As visions go, it’s an impressive one.
A decade from now, the eyes of the world could be on San Francisco as it prepares to host the 2016 Olympic Games. The transformed city would proudly unveil to the world its newest neighborhood growing around the Mission Bay biotech nexus and its new skyline on Rincon Hill. A new state-of-the-art stadium for the 49ers would host the opening and closing ceremonies of the games and would be viewed by people in every corner of the world.
And the thousands of athletes coming to our city to compete would be housed in a brand-new Olympic Village, which would become much-needed housing for San Franciscans at the games’ conclusion — housing with an international mystique that would be a legacy to The City from the greatest global event ever held within its borders.
The vision, while intriguing, must necessarily remain a broad-strokes picture for now, as San Francisco is only in the first steps of what would be a marathon. It is far from certain that The City, or any other American city among the five competing, will get the nod from the United States Olympic Committee to become the U.S. candidate for the games — that decision will be made in the coming months. And winning that honor would only pit San Francisco against other world cities in an international campaign that would finally be decided by the International Olympic Committee in 2009.
But now is the time for San Francisco to start proposing answers to the big, important questions, and on that score it is off to a good start.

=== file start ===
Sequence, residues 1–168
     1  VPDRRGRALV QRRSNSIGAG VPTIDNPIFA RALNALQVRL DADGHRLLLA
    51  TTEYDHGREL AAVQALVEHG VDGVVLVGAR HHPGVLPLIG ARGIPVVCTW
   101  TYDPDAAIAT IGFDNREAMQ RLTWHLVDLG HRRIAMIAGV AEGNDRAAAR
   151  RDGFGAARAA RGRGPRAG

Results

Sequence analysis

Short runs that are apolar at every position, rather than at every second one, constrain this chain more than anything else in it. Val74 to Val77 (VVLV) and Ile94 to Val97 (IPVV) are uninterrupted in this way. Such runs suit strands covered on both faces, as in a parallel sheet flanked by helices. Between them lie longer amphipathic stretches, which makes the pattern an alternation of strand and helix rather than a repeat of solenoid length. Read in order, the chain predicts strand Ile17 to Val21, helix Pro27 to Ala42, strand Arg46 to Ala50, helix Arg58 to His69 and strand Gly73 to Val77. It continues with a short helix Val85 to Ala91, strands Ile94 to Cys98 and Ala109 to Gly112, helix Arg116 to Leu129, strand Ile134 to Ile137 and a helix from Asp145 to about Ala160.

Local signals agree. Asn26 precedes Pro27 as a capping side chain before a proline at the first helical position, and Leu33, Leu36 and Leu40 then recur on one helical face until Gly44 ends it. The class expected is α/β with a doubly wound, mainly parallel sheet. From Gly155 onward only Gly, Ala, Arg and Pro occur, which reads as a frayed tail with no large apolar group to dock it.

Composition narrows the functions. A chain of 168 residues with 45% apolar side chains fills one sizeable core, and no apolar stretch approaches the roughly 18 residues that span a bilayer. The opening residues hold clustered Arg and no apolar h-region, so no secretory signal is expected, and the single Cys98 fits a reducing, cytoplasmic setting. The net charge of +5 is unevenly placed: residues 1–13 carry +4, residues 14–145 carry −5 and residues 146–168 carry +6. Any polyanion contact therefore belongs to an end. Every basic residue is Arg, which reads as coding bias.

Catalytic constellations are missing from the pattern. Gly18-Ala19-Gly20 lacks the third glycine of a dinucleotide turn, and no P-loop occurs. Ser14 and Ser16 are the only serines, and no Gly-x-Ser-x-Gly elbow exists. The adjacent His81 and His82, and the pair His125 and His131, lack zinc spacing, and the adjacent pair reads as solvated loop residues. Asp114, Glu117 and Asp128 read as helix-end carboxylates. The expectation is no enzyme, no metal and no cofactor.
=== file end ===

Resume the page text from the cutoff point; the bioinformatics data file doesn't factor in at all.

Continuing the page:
Make no mistake: Many hurdles remain for both the Olympic Village concept and plans for a football stadium. The Hunters Point Naval Shipyard, where the village would be built, is riddled with toxins and undergoing a lengthy and complicated cleanup process as the U.S. Navy, which used the land for decades, turns it over, piece by piece, to The City. And getting a football stadium built is fraught with questions and potential pitfalls, including how much public money would be sought to pay for it.
But in both cases, The City’s needs dovetail nicely with the requirements for hosting the Olympics. Thousands of units of housing have been planned at Hunters Point for years as part of the shipyard’s redevelopment, and it has been a foregone conclusion since the mid-1990s that crumbling, city-owned Monster Park would have to be replaced eventually.
Mayor Gavin Newsom has been energetic in his advocacy for bringing the Olympics to San Francisco, and so far he has taken the right steps to position The City to have a real chance. The challenges ahead will be massive — for Newsom and for future San Francisco mayors, if The City advances further in the process. But hosting the Olympics is a goal worth striving for with all of The City’s collective will. — AP